Narendra Modi has come in for a roasting in one of Britain's leading daily newspapers, which highlights comparisons between the Gujarat chief minister and war criminals of the 20th century.
The Guardian's India correspondent Luke Harding has profiled Modi as 'the most controversial figure in modern Indian politics -- likened by his many enemies to Adolf Hitler, Slobodan Milosevic and Pol Pot'.
Modi was 'catapulted to infamy last year after presiding over India's worst communal rioting for a decade', Harding adds.
"The riots left 100,000 people homeless, severely damaged India's credentials as a secular democracy and were described -- correctly -- as genocide," he said.
Harding's 'burra sahib' analysis carries additional weight back home in Britain because his newspaper is viewed as the media outlet most closely aligned to the ruling Labour Party.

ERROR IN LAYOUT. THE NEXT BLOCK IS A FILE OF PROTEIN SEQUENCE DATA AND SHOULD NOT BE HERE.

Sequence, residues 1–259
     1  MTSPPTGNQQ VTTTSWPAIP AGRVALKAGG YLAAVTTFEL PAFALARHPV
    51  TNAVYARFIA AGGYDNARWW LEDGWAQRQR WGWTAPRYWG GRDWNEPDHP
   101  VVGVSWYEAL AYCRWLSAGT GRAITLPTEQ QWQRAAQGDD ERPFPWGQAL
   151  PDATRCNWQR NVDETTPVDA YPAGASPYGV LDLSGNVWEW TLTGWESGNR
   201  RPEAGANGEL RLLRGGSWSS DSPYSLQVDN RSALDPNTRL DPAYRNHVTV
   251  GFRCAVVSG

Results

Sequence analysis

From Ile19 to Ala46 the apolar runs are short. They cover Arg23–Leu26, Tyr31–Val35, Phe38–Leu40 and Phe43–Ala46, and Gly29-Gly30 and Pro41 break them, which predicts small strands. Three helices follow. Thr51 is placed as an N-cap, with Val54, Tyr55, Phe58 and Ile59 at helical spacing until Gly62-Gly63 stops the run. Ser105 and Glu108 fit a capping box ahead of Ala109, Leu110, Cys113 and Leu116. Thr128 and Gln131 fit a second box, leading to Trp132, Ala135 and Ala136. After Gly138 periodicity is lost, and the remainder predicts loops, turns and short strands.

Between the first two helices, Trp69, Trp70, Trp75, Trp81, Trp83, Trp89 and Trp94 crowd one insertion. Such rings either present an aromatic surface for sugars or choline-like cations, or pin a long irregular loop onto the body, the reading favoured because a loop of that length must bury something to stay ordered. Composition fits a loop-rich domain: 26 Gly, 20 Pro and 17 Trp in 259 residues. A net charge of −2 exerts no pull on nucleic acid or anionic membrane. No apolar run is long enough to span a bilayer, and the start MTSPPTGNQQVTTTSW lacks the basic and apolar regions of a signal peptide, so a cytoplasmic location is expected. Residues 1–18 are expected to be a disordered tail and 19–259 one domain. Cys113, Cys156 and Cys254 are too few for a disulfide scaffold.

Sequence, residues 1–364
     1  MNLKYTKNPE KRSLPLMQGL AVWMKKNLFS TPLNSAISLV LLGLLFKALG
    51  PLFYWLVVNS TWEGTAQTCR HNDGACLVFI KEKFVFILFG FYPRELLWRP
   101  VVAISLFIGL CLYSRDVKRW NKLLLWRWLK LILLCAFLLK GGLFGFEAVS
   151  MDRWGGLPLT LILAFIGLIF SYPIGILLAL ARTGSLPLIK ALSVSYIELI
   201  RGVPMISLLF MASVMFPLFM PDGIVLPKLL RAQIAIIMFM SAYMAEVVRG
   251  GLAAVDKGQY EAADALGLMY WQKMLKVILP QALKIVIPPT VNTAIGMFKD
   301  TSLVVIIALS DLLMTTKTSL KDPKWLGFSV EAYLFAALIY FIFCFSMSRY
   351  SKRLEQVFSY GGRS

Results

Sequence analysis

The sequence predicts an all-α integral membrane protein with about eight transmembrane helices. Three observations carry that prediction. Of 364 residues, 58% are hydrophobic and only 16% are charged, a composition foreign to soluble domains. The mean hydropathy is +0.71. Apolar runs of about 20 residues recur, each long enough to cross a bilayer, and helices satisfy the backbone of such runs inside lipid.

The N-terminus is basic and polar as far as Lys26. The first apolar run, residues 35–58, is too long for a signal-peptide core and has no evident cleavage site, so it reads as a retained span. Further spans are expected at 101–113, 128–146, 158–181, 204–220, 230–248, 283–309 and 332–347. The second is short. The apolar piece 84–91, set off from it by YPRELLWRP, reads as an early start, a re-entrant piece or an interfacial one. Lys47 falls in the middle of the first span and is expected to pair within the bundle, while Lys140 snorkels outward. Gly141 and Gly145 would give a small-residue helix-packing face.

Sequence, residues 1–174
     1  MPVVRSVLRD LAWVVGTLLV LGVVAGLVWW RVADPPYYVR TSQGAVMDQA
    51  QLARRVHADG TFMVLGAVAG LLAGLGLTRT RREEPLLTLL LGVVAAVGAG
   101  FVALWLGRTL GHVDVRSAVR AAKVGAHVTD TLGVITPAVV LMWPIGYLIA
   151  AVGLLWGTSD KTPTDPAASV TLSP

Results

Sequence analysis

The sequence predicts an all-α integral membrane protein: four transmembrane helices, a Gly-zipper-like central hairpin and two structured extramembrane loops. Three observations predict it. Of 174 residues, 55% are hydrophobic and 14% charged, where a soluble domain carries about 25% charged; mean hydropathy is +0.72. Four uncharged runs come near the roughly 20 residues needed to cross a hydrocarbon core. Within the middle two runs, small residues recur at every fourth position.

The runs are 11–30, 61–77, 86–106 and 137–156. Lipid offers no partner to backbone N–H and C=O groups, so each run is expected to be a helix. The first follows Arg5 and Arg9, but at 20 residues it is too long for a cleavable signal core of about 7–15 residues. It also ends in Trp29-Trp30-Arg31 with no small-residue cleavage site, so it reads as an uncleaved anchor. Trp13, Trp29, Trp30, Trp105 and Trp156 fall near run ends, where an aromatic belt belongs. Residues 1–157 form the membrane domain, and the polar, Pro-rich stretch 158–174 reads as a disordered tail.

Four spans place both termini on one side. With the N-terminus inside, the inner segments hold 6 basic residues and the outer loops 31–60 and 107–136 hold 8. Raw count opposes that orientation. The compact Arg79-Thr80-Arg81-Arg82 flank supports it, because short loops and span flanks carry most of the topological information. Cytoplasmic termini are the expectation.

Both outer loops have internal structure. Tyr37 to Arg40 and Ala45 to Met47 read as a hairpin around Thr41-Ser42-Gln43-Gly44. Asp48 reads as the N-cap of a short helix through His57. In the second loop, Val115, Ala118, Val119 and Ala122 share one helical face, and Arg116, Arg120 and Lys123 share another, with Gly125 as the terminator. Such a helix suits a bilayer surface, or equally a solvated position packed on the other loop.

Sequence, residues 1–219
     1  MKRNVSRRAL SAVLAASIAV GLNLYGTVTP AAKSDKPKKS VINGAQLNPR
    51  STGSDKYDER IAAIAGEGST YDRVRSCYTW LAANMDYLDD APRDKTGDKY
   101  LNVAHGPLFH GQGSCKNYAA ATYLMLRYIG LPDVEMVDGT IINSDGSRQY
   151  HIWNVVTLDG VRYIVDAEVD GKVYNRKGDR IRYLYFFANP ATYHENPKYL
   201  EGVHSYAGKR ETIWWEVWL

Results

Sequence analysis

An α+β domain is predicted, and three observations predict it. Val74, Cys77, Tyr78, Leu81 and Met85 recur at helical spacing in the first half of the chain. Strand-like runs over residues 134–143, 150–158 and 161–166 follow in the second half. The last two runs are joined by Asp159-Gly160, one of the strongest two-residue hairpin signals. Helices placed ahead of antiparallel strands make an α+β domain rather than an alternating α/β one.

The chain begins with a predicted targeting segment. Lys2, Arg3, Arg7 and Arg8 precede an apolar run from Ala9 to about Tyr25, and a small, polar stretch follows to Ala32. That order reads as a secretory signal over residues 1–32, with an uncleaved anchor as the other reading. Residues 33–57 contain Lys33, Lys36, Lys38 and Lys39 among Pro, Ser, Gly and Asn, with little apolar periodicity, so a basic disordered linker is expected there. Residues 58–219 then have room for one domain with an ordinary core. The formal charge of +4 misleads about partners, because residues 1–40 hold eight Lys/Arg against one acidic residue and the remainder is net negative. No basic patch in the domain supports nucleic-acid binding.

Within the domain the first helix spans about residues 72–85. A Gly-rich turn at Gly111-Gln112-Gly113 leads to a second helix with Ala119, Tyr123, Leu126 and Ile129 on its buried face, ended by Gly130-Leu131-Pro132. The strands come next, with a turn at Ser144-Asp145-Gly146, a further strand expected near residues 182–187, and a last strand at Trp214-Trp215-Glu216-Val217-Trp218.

Describing Modi as an MA graduate 'who can speak fluent English but who prefers to declaim in Gujarati or Hindi', Harding concludes, "His decision to fly to Britain suggests he is preparing to launch himself on the national stage, with some pundits tipping him as a future Indian prime minister."
"If he ever makes it, then India's tradition of secular democracy, which has been under threat for some time, will have been replaced by something much darker," he said.